The story of James Guba’s journey from the refugee camps in Africa to eventual resettlement in Australia caught my attention. By every count, it’s an inspiring hard-luck story of heroism and survival beyond all kinds of adversities.

James has a smart and creative way of thinking about his adopted country, Australia; seeing it as a “home away from home” and “a good place to bring up children”. He is one of the new arrivals from the war-torn Sudan - barely four months old in Australia. In fact, he is still self-consciously trying to come to terms with what it means to start a new life in a new culture.

But there is absolutely no doubt in anyone’s mind about James’s survival ability, even in the most challenging conditions. James grew up in Kajakeji near Juba in Southern Sudan - the heartland of the current struggle.

He has been through a lot in his life; witnessing the horrors of war, death, destruction, starvation, malnutrition and disease in his native Kuku community in Sudan. He lost more than a few relatives and close friends. And, as the war dragged on, all what he worked so hard to achieve vanished into the thin air. The effect on James was devastating!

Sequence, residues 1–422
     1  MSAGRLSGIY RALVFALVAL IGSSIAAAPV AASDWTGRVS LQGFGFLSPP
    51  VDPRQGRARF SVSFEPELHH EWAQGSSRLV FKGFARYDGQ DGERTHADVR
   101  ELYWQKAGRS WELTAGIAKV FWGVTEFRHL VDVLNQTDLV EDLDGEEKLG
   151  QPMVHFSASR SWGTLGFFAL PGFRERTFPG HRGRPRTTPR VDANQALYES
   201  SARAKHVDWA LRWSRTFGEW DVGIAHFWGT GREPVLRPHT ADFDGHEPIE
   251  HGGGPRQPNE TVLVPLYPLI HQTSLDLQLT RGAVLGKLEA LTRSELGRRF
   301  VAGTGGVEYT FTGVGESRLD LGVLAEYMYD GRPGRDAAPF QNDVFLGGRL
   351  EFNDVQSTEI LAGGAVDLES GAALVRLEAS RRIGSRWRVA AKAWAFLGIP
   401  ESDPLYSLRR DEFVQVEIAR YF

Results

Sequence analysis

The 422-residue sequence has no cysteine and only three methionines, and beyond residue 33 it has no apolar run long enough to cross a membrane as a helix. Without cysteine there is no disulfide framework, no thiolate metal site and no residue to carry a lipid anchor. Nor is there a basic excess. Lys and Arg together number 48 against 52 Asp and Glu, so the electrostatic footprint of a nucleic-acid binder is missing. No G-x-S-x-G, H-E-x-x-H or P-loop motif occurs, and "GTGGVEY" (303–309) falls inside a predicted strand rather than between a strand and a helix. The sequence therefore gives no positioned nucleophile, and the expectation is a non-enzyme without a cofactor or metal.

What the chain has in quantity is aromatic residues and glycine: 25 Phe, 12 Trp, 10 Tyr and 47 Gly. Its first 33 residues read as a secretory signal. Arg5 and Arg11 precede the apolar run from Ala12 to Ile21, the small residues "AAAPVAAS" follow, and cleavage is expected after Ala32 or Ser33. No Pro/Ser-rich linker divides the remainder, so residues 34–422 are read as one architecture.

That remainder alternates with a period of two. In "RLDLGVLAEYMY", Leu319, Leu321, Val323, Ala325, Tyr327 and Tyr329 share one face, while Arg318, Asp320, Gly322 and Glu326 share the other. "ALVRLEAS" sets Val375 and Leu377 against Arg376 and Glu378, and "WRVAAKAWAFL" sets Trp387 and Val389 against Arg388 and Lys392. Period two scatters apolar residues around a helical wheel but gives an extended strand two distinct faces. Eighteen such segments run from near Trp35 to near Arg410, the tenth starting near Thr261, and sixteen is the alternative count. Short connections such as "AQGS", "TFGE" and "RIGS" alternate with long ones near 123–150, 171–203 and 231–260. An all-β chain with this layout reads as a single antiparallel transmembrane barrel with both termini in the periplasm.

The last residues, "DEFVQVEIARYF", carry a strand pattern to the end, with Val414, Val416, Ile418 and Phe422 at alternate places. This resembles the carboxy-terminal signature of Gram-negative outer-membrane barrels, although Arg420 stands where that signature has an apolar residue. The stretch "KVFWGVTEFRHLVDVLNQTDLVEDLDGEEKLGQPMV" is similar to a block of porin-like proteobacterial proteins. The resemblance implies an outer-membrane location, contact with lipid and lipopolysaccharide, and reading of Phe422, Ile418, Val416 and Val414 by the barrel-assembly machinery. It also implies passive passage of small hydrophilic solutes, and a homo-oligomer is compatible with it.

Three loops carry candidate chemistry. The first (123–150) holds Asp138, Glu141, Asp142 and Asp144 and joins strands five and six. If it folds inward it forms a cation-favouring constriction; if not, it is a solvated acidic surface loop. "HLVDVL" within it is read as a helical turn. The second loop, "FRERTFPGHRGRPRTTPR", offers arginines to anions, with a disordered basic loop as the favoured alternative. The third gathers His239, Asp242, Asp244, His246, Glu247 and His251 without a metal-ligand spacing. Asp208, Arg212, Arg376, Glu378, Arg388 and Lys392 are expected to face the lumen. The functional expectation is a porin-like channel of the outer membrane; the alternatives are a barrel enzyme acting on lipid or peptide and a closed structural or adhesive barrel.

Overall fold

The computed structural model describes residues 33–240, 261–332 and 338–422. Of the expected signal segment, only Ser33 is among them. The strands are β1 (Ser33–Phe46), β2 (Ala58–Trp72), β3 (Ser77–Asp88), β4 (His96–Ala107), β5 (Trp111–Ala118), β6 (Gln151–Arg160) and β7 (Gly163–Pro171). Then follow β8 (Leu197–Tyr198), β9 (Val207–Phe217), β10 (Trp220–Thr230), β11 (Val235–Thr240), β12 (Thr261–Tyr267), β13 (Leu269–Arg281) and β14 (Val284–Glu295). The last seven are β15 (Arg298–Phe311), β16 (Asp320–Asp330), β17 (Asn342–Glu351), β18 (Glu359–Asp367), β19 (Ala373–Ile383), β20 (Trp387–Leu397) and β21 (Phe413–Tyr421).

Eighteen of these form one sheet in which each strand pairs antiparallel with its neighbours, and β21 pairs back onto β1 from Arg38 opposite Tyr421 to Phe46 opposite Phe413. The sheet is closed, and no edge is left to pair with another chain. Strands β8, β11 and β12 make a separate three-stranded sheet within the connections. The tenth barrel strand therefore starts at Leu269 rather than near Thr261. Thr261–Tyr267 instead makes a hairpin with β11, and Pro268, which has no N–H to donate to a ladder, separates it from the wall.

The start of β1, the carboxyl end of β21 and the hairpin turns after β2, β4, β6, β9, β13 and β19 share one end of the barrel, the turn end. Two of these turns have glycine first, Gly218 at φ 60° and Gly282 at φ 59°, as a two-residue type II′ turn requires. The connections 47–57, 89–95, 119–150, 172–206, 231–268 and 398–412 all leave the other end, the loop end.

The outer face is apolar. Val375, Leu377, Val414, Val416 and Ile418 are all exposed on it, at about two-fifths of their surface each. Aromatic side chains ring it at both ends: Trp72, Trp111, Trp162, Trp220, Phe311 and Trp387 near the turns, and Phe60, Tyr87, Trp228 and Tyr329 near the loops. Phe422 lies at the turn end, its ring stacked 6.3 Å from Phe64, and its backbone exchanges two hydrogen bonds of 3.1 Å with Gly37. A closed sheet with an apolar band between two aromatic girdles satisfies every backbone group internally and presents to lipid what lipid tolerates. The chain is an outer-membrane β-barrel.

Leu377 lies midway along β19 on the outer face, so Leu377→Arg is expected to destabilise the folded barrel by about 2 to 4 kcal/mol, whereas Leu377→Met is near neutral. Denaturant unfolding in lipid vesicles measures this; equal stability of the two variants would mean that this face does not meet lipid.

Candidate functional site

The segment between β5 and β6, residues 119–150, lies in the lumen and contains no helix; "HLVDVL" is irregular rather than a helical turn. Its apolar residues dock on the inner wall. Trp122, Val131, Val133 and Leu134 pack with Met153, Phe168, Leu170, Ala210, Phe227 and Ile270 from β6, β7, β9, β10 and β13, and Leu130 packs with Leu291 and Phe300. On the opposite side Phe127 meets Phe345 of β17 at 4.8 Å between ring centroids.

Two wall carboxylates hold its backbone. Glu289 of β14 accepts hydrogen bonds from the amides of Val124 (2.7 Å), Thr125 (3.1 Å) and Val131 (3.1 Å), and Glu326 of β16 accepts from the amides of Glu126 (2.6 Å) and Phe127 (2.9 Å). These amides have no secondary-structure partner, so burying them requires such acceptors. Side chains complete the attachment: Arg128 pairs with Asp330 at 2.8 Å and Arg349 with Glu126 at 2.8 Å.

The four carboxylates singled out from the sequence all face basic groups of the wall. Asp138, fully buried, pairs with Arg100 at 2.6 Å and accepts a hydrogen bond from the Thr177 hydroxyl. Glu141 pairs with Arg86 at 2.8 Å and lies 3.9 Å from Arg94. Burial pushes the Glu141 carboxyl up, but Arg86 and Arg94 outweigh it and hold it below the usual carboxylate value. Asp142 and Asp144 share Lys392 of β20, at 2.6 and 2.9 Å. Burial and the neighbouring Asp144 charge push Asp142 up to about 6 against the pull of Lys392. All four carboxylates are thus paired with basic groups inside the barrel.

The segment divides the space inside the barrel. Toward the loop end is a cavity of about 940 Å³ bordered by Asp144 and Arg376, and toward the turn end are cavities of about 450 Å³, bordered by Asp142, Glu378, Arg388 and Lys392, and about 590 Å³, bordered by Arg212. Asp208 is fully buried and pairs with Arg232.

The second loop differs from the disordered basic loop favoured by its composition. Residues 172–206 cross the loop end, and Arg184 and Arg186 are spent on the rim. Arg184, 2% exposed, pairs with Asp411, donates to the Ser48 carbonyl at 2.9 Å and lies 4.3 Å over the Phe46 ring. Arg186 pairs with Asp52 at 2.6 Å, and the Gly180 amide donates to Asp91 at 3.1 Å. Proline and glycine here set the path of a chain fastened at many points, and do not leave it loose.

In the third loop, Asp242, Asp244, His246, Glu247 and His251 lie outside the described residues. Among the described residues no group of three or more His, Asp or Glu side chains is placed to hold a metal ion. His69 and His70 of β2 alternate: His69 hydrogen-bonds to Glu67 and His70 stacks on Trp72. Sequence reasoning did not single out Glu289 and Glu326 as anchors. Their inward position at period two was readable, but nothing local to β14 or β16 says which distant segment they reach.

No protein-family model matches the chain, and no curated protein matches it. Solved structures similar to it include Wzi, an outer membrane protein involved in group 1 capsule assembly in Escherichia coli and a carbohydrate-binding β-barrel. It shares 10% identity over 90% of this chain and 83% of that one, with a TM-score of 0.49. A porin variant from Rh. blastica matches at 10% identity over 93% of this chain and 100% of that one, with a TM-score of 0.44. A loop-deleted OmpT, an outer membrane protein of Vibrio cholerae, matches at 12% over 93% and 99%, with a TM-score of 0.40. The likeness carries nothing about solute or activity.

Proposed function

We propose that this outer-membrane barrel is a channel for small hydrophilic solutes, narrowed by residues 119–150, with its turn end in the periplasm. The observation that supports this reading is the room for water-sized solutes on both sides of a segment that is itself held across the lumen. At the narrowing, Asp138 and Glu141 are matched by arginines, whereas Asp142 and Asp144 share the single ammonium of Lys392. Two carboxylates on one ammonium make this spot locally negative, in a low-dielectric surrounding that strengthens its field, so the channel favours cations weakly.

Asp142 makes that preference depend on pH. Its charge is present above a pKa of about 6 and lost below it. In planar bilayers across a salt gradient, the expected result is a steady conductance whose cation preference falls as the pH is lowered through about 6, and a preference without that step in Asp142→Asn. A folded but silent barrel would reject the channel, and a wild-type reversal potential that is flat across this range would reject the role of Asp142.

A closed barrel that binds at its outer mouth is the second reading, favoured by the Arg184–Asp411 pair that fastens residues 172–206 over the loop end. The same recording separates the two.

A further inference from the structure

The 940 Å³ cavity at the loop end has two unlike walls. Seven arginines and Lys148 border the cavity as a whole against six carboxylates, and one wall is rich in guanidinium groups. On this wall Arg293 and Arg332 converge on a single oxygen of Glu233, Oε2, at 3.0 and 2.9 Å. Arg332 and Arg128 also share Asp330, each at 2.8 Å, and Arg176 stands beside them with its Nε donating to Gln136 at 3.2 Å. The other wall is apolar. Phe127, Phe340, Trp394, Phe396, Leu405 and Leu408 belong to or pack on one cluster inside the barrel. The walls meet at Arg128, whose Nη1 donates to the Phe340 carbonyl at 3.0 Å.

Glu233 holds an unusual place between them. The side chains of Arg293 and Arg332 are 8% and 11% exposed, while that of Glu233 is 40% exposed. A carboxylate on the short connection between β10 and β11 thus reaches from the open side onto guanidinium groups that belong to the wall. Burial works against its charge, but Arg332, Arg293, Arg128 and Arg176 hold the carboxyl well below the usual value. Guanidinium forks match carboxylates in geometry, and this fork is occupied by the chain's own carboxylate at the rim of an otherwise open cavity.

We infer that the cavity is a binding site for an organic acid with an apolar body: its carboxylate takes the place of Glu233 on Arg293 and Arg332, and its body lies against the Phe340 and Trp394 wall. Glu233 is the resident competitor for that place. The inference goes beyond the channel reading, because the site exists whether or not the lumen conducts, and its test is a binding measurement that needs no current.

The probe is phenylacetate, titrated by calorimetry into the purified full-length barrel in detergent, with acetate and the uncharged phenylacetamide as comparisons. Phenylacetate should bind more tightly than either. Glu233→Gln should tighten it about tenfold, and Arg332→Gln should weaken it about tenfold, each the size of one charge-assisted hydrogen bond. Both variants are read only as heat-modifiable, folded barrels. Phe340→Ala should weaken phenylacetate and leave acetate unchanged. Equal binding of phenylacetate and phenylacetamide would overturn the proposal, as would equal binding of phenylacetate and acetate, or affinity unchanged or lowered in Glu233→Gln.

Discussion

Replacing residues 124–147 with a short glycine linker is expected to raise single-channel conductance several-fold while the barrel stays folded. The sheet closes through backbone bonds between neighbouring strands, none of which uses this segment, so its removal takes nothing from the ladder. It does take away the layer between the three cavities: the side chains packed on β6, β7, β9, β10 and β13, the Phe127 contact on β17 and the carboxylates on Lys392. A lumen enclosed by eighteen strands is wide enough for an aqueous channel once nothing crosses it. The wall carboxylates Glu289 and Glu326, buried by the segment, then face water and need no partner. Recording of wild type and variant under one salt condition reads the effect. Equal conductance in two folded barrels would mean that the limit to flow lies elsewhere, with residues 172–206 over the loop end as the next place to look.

He ultimately survived the horrors of that war and the local militia atrocities and triumphed! And live to tell the tale!

Nevertheless, surviving the war is one thing, but surviving the peace is becoming an even more challenging proposition. “Starting from the scratch is not easy for me…I‘ve had a lot of problems here already; notably rental problems”, James said. ”They often ask for references, level of income, bond, and rental history which I can’t provide, because I’ve only just arrived”.

And, more importantly, there are employment problems, too. James is a qualified bookkeeper, a true professional, with 15 years experience in the public and private sectors before the war got out of hand in his homeland; but he just can’t seem to be able to find a suitable job in his field of specialization; partly because his qualifications are not even recognized in Australia.

Yet, James is not giving up. He has a healthy appetite for life; and is ready to try anything. Meanwhile, he has been busy polishing up his English language skills and upgrading his professional credentials. He definitely wants to remain active in the community here and to be self-employed.